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Any mfg should have to make at least somewhere around 300 examples to qualify for a "production car". For example: the homologation Rally B class, 200 examples had to be made.
 

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Reminds me of the super specific drag racing records

Fastest black 1996 Supra Turbo 6 speed manual on 18x9 TE37s at 1036ft above sea level with stock radio. Who gives a **** :confused:
 

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Any mfg should have to make at least somewhere around 300 examples to qualify for a "production car". For example: the homologation Rally B class, 200 examples had to be made.
C&D reported they are planning 100 units. Is 100/200/300 categorically different?

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Any mfg should have to make at least somewhere around 300 examples to qualify for a "production car". For example: the homologation Rally B class, 200 examples had to be made.
C&D reported they are planning 100 units. Are 100/200/300 categorically different?
 

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That was the least dramatic acceleration video I've seen. Mosey on up to 200 and then just steady to 330. 13 year old me would've thought this was the coolest thing ever.

I count it as a production car. Otherwise the McLaren doesnt count. If its road legal, has airbags and is available for purchase as is - its production to me.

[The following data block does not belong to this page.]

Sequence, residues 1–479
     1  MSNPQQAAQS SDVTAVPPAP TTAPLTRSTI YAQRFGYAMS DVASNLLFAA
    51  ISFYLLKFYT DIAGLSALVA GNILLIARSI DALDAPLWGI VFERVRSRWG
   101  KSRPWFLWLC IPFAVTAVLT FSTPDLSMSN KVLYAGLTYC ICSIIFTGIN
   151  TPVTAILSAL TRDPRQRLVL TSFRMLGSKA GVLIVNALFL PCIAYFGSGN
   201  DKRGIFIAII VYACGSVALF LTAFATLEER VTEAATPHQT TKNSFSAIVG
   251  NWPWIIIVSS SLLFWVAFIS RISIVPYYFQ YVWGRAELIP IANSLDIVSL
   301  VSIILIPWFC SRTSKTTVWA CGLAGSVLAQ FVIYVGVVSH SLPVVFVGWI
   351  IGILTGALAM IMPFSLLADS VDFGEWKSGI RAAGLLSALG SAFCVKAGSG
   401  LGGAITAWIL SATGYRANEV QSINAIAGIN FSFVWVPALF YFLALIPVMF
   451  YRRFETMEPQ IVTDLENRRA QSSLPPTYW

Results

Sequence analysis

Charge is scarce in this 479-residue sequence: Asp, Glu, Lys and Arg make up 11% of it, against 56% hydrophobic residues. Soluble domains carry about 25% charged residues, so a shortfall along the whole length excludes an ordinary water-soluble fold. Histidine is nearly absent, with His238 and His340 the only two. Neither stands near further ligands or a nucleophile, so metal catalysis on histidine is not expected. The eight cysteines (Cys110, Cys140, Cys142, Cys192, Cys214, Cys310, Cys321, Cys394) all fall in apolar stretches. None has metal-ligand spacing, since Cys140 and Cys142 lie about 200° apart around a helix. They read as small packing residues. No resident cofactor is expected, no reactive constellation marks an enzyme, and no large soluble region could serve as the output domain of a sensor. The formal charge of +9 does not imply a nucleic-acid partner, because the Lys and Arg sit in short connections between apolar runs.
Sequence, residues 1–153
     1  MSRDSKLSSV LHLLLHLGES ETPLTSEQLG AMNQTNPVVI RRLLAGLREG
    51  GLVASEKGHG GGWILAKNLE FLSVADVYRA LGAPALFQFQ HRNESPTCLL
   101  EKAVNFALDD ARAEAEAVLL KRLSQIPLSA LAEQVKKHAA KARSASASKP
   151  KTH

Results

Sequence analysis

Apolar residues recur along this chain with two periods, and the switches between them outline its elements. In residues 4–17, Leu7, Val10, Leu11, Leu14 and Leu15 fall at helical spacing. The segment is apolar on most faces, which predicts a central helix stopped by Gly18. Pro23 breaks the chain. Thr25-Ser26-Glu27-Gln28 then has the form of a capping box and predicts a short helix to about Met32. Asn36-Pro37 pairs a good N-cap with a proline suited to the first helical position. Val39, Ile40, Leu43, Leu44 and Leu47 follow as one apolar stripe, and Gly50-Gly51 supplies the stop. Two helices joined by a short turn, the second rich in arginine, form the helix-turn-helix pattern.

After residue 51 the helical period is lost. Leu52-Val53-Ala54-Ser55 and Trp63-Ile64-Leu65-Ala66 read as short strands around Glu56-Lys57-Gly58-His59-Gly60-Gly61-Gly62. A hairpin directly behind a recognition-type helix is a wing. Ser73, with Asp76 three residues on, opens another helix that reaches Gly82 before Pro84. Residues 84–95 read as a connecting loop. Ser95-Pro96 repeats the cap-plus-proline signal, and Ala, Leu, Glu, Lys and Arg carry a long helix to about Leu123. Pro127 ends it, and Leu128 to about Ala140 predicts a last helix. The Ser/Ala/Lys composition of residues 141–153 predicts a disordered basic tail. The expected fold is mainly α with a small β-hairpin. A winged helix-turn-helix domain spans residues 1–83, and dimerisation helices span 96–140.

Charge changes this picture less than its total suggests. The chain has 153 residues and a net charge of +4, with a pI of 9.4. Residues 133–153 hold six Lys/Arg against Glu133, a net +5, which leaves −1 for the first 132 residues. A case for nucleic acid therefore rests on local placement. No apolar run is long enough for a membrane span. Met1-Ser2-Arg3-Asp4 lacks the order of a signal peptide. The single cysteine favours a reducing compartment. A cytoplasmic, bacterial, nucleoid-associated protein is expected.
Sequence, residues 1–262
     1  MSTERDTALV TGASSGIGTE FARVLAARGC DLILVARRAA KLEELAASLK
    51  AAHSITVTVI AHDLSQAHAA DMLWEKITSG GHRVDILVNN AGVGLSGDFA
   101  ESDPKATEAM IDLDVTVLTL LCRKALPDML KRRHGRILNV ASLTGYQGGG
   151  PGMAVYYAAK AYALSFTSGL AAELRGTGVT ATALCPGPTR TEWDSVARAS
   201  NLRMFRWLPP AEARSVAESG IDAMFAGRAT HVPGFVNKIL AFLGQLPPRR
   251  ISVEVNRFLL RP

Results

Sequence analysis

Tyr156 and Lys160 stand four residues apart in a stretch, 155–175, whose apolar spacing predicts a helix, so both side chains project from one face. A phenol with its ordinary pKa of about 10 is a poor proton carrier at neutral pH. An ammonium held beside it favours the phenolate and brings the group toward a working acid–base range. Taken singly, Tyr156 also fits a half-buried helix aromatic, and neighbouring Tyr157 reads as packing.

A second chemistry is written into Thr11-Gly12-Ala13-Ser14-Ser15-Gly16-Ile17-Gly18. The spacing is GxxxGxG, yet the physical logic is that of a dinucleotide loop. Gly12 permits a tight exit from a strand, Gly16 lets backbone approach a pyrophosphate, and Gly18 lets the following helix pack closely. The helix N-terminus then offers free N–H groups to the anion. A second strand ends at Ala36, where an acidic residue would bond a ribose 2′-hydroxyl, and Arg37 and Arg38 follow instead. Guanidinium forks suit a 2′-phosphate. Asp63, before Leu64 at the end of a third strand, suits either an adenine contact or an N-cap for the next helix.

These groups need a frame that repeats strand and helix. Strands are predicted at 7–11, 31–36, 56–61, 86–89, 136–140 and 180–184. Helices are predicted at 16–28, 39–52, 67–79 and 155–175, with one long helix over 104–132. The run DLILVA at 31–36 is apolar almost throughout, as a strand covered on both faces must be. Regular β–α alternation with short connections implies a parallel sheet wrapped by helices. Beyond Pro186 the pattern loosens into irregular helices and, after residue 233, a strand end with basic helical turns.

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That was the least dramatic acceleration video I've seen. Mosey on up to 200 and then just steady to 330. 13 year old me would've thought this was the coolest thing ever.

I count it as a production car. Otherwise the McLaren doesnt count. If its road legal, has airbags and is available for purchase as is - its production to me.
Apparently, the relatively slow acceleration was intentional to keep turbo temperatures in check as the car got up to speed.

My issue with this record is it is increasingly a game of Russian roulette with the tires. A tire blowout at 300+ is likely death for the driver. You can build a tire that will do 200mph without too much issue, but building a 300+ tire is a much bigger problem. Since this is supposed to be a "street" car and the record is set on tarmac, they can't use solid wheels like the jet/rocket powered landspeed record cars. Evidently, they were able to build a tire that withstood those speeds, but I seriously question how much safety factor they had, and whether such safety factor is even knowable given manufacturing variances. Secondary issue is cross winds- a big unexpected gust could likewise kill the driver.